HTTP applications sometimes want to encode content before sending it. For example, a server might compress a large HTML document before sending it to a client that is connected over a slow connection, to help lessen the time it takes to transmit the entity. A server might scramble or encrypt the contents in a way that prevents unauthorized third parties from viewing the contents of the document.
These types of encodings are applied to the content at the sender. Once the content is content-encoded, the encoded data is sent to the receiver in the entity body as usual.
The content-encoding process is:
A web server generates an original response message, with original Content-Type and Content-Length headers.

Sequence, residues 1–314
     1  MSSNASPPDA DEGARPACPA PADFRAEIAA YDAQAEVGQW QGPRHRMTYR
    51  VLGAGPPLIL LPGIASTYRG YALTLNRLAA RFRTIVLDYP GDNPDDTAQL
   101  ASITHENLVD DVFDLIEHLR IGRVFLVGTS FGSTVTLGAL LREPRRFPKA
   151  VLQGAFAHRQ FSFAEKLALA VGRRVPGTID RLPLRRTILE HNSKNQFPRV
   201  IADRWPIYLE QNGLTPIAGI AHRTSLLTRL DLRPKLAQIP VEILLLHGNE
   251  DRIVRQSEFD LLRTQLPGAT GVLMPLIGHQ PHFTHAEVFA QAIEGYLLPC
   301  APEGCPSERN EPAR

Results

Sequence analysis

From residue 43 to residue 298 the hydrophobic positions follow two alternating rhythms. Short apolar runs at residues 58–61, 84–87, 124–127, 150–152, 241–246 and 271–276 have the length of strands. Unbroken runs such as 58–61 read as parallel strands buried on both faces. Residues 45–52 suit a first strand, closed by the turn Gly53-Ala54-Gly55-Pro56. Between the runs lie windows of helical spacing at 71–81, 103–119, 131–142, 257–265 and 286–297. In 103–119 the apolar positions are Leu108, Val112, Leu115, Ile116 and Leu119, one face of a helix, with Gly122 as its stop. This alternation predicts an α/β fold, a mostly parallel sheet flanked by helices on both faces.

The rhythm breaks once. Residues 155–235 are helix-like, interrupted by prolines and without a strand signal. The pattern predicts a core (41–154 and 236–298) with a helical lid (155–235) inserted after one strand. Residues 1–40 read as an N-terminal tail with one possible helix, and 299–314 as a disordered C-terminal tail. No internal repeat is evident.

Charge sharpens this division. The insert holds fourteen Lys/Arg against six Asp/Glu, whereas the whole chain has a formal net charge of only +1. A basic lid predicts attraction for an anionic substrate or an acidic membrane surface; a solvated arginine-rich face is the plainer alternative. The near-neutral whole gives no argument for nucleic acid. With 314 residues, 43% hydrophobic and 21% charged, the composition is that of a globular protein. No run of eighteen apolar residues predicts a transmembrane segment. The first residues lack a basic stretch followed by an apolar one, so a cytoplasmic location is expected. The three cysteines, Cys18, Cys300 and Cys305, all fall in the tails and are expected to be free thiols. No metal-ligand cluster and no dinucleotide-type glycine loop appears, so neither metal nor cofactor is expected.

A content-encoding server (perhaps the origin server or a downstream proxy) creates an encoded message. The encoded message has the same Content-Type but (if, for example, the body is compressed) a different Content-Length. The content-encoding server adds a Content-Encoding header to the encoded message, so that a receiving application can decode it.
A receiving program gets the encoded message, decodes it, and obtains the original.
Figure 15-3 sketches a content-encoding example.
Figure 15-3. Content-encoding example
Here, an HTML page is encoded by a gzip content-encoding function, to produce a smaller, compressed body. The compressed body ...